Should I Buy a House or a Flat?
The age-old debate between buying a flat (apartment) and a house continues to be somewhat of a dilemma for homeowners. Each option comes with...
Anyone who is wondering ‘should I renew my mortgage now or wait’ might be understandably concerned right now. Some would say the mortgage market has been in turmoil in recent months. Interest have risen rapidly in 2022 and are expected to rise further. For the last decade, interest rates have been relatively low and the […]
23 November 2022
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Anyone who is wondering ‘should I renew my mortgage now or wait’ might be understandably concerned right now. Some would say the mortgage market has been in turmoil in recent months. Interest have risen rapidly in 2022 and are expected to rise further. For the last decade, interest rates have been relatively low and the sudden increases, in addition to the rising cost of energy and food, have worried many homeowners.
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Most fixed term mortgage products are taken out for between 2 and 10 years. Once this product ends, we have a few options as homeowners. The first is to take out a new mortgage product with our current lender, the second is to take out a new mortgage product with a new lender. The third is to do nothing and we automatically drop onto the lender’s standard variable rate (SVR), which is likely to be a higher rate than your previous deal.
The main reasons to remortgage are because an existing deal is ending or to save money. There are several ways you can save money by remortgaging. This may be because you are able to lock in at a better rate of interest than your previous deal, or that you are able to secure a cheaper deal before interest rates go up.
1. Your deal is about to end. Mortgage can typically be agreed 3-6 months before your current deal ends so it is wise to start looking ahead of your deal ending and before your payments may rise on the standard variable rate.
2. If you are on a higher interest rate and find a deal with a significantly lower rate and therefore lower monthly payments, it could be financially viable to pay the early repayment penalty to exit that deal and move to the new one. However, this needs careful consideration as repayment penalties can be expensive.
3. You can secure a lower loan to value ratio. Often, the lower the amount of borrowing you take compared to the value of your home mean you can secure a better interest rate. If your home has increased in value, this may mean you can get a better interest rate on a new mortgage deal.
4. Overpayment. Most mortgage deals allow you to overpay up to 10%, however you may have a lump sum and want to reduce your mortgage balance.
5. You want to adjust the terms of your mortgage. You may have originally taken your mortgage over 35 years and now want to rescue this down to 25 years so your mortgage is paid off more quickly and therefore will save you thousands in the long run on interest payments.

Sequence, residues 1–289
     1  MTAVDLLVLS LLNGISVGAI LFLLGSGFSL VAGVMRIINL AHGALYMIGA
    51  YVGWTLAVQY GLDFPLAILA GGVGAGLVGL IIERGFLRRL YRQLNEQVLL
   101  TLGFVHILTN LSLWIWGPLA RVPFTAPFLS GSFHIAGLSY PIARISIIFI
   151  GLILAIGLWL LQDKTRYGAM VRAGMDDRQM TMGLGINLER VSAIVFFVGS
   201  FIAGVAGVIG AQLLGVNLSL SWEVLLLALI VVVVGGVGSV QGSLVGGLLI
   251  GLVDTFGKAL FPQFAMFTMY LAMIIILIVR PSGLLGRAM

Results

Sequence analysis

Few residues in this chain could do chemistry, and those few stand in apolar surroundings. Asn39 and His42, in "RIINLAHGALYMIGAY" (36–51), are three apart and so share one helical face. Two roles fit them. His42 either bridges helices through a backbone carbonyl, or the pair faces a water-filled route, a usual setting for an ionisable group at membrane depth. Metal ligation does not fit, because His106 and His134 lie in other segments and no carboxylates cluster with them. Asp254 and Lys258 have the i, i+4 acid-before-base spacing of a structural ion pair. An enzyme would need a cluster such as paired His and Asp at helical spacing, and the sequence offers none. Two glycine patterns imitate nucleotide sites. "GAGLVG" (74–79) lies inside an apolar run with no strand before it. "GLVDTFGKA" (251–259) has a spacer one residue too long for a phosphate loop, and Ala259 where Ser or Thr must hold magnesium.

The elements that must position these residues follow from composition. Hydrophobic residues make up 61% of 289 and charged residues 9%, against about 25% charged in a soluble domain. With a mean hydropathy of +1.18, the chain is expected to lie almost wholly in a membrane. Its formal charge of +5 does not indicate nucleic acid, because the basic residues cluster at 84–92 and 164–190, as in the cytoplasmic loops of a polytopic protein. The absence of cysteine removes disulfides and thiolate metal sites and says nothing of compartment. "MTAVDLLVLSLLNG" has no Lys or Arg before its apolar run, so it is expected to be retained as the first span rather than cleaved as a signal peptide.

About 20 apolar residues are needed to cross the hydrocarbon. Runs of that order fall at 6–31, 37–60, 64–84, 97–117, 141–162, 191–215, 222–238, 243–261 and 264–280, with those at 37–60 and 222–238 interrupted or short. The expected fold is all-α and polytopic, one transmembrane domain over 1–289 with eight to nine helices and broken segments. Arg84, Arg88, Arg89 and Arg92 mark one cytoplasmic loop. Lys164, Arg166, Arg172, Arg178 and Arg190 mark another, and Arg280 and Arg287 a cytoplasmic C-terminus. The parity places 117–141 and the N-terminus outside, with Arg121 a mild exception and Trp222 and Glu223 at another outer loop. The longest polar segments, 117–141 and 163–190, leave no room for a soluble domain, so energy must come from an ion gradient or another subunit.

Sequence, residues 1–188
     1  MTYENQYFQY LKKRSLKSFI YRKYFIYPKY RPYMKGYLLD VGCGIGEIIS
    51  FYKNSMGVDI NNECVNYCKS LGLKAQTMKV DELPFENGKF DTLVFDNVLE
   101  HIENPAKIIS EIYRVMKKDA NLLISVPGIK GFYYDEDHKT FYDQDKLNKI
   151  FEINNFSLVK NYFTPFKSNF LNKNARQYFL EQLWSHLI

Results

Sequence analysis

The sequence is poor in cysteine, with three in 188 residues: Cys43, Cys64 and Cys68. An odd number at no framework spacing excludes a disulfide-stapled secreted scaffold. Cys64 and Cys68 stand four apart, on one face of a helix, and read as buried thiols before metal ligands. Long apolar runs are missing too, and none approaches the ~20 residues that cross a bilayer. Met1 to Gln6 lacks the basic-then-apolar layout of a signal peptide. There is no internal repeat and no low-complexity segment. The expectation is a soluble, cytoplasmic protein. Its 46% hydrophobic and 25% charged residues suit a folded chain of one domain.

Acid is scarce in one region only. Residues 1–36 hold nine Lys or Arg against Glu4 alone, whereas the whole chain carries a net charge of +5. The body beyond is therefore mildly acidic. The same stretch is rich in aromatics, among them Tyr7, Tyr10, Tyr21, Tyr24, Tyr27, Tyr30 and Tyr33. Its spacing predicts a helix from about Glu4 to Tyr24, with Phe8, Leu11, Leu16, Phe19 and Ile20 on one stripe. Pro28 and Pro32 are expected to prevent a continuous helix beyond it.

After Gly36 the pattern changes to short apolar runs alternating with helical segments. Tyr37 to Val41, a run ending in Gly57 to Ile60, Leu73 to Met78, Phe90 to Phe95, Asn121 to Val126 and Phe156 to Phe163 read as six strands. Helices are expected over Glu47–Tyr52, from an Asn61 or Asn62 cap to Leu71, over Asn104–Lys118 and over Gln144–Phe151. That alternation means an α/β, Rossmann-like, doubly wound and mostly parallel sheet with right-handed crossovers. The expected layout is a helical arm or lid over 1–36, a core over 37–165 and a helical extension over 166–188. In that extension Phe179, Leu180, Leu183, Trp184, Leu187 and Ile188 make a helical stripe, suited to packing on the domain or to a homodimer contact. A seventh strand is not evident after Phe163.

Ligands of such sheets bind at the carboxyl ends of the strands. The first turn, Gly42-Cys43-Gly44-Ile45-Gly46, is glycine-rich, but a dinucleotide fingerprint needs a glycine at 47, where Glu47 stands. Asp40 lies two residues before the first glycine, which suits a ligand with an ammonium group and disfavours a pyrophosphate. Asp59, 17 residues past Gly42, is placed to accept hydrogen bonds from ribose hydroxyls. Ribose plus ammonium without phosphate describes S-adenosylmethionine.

6. Additional borrowing. When equity is released from a home, the mortgage repayments are spread across the term of the mortgage, meaning it can often be a lot cheaper to get money for things such as home improvements this way rather than taking out a loan.
1. Early repayment penalty outweighs the saving. A simple calculation of the repayment charge against the money you will save on the lower interest rate over the new mortgage term will show if remortgaging is cost effective.
2. You have just gone self employed. Lenders will require at least one year’s accounts for a self employed mortgage applicant.
3. Change in credit history. A single missed payment can be a red flag to a lender, so pay close attention to your credit history when thinking of applying for a mortgage.
4. You don’t have much equity in your property. This may be down to the fact you have previously released equity or a drop in property values, but the less equity you have, the higher the loan to value ratio, which means it is likely a higher interest rate will be offered by the lender.
A fixed rate mortgage product is a long term product, which gives you the security of knowing what you will pay every month for the length of the deal. It is low risk and gives peace of mind on payments and is popular with people who want to know exactly what they will be paying each month. A fixed rate product means you won’t pay more if the lender’s standard variable rate increases during the term of the product. Typical fixed rate products are 2, 3 or 5 years.
In November, the Bank of England raised the base rate from 2.25% to 3%, which is the highest level since 2008. At the same time, the mini budget and political uncertainty made the mortgage market panic and future predictions led to a sharp increase in mortgage interest rates. Simply put, each 1% increase results in an increase of £50 per £100,000 borrowed on a typical 25 year mortgage.
As at November 2022, with greater political stability, further increases in the Bank of England base rate may not necessarily mean increases in mortgage payments. Well not for fixed rate products. While variable and tracker mortgages track the Bank of England base rate, fixed rate products take into account longer term predictions and the swap rate, which is the value at which lenders borrow money. This means that
From mortgages and insurance to viewings, offers, exchange and completion, our Buyers’ Guide will take you through everything, step by step, from start to finish.
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